Joe Hickey, global head of trading at BlockFi, a major crypto lender, said he would continue his practice of offering unsecured loans only to top clients for whom he has seen audited financial statements.

A third of BlockFi’s $1.8 billion in loans were unsecured as of June 30, according to the company, which was bailed out by crypto exchange FTX in July when it cited loan losses and increased customer withdrawals. Read more

“I think our risk management process was one of the things that saved us from bigger credit events,” Hickey said.

Additionally, a growing number of smaller peer-to-peer lending platforms are looking to fill the void left by the departure of centralized players like Voyager and Celsius.

Sid Powell, co-founder and CEO of unsecured crypto lending platform Maple, said institutional crypto lenders were more cautious after the Three Arrows default, but conditions have since normalized and lenders are now comfortable lending unsecured loans again .

Executives at two other lenders, TrueFi and Atlendis, said they have seen an increase in demand as market makers continue to seek unsecured loans.

Brent Xu, CEO of Umee, another peer-to-peer platform, said the crypto industry will learn from its mistakes and that lenders will do better by lending to a more diversified set of crypto companies.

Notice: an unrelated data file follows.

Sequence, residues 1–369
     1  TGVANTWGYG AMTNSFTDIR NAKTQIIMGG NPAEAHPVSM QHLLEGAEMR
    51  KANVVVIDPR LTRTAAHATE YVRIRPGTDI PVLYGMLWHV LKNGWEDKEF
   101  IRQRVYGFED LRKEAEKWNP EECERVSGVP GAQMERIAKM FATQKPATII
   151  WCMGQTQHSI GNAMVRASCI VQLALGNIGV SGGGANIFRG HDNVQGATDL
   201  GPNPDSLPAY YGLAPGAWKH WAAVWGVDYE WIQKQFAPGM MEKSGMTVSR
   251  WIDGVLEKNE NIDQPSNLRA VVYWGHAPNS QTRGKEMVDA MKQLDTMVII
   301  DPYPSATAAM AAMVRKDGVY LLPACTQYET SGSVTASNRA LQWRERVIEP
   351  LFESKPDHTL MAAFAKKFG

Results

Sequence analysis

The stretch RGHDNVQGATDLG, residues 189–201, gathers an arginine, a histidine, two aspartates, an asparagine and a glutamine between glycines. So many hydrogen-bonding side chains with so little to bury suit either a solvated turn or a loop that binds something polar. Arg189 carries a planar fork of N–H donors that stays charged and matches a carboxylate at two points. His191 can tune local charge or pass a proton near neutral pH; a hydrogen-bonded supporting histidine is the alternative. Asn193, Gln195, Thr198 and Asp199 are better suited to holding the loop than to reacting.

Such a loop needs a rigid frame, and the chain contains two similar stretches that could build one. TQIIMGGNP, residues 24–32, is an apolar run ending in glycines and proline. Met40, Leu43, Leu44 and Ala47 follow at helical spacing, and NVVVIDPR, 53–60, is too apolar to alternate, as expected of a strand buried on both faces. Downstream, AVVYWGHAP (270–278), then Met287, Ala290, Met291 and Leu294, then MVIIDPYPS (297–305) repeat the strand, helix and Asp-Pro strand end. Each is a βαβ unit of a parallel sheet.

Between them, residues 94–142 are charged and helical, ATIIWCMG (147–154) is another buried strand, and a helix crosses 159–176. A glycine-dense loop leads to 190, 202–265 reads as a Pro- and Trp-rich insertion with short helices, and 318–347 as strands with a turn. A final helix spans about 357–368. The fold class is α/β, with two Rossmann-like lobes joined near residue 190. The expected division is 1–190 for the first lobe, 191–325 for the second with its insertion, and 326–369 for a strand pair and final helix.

For example, this would include firms looking to make acquisitions or finance expansion, he added, rather than focusing on those that leverage crypto prices.

“I am very bullish on the future of unsecured loans and credit,” Sue said.


Of course, many crypto loans are secured. Even then, however, the collateral is often in the form of volatile tokens that can quickly lose value.

BlockFi overcollateralized a loan to Three Arrows, but still lost $80 million on it, the lender’s CEO Zach Prince said in a tweet in July. BlockFi said the hedge fund’s lending is backed by a basket of crypto tokens and shares in a bitcoin trust.

“A more traditional lender would probably want more than full collateral coverage on a crypto-backed loan, because on any given day the value of the collateral can change by 20% or more,” said Daniel Besikoff, partner at Loeb & Loeb , which operates in bankruptcy.

“Lending a million dollars against a million dollars of Bitcoin is riskier than lending against more traditional, stable collateral.”

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Reporting by Elizabeth Howcroft in London and Hannah Lang in Washington; Editing by Michelle Price and Pravin Char

Our standards: The Thomson Reuters Trust Principles.

Elizabeth Howcroft

Thomson Reuters

Reports on the intersection of finance and technology, including cryptocurrencies, NFTs, virtual worlds and the ‘Web3’ money movement.